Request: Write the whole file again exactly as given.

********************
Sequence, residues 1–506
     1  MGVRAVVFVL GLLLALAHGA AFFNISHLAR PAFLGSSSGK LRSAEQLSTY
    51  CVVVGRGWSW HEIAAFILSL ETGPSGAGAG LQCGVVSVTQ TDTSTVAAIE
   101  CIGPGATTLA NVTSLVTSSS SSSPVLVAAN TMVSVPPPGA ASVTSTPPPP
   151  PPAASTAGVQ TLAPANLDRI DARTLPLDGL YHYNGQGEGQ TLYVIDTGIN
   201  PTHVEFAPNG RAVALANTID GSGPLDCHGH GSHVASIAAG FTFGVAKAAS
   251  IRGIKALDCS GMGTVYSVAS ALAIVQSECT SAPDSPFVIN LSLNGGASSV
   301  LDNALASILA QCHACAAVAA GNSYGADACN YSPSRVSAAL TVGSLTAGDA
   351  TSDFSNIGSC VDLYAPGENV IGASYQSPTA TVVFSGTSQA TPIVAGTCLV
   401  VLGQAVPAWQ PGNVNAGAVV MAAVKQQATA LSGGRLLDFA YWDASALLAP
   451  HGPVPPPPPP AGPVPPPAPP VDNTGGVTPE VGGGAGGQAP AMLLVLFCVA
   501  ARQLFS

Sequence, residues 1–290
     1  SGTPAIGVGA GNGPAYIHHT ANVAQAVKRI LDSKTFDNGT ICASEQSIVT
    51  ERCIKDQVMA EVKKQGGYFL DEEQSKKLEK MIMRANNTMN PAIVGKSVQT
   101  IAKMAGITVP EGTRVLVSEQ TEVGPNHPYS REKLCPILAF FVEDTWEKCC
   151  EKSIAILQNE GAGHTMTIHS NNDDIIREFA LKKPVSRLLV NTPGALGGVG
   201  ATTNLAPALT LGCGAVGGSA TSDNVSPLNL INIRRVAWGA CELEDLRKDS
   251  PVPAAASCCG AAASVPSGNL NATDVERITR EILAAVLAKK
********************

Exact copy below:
Sequence, residues 1–506
     1  MGVRAVVFVL GLLLALAHGA AFFNISHLAR PAFLGSSSGK LRSAEQLSTY
    51  CVVVGRGWSW HEIAAFILSL ETGPSGAGAG LQCGVVSVTQ TDTSTVAAIE
   101  CIGPGATTLA NVTSLVTSSS SSSPVLVAAN TMVSVPPPGA ASVTSTPPPP
   151  PPAASTAGVQ TLAPANLDRI DARTLPLDGL YHYNGQGEGQ TLYVIDTGIN
   201  PTHVEFAPNG RAVALANTID GSGPLDCHGH GSHVASIAAG FTFGVAKAAS
   251  IRGIKALDCS GMGTVYSVAS ALAIVQSECT SAPDSPFVIN LSLNGGASSV
   301  LDNALASILA QCHACAAVAA GNSYGADACN YSPSRVSAAL TVGSLTAGDA
   351  TSDFSNIGSC VDLYAPGENV IGASYQSPTA TVVFSGTSQA TPIVAGTCLV
   401  VLGQAVPAWQ PGNVNAGAVV MAAVKQQATA LSGGRLLDFA YWDASALLAP
   451  HGPVPPPPPP AGPVPPPAPP VDNTGGVTPE VGGGAGGQAP AMLLVLFCVA
   501  ARQLFS

Sequence, residues 1–290
     1  SGTPAIGVGA GNGPAYIHHT ANVAQAVKRI LDSKTFDNGT ICASEQSIVT
    51  ERCIKDQVMA EVKKQGGYFL DEEQSKKLEK MIMRANNTMN PAIVGKSVQT
   101  IAKMAGITVP EGTRVLVSEQ TEVGPNHPYS REKLCPILAF FVEDTWEKCC
   151  EKSIAILQNE GAGHTMTIHS NNDDIIREFA LKKPVSRLLV NTPGALGGVG
   201  ATTNLAPALT LGCGAVGGSA TSDNVSPLNL INIRRVAWGA CELEDLRKDS
   251  PVPAAASCCG AAASVPSGNL NATDVERITR EILAAVLAKK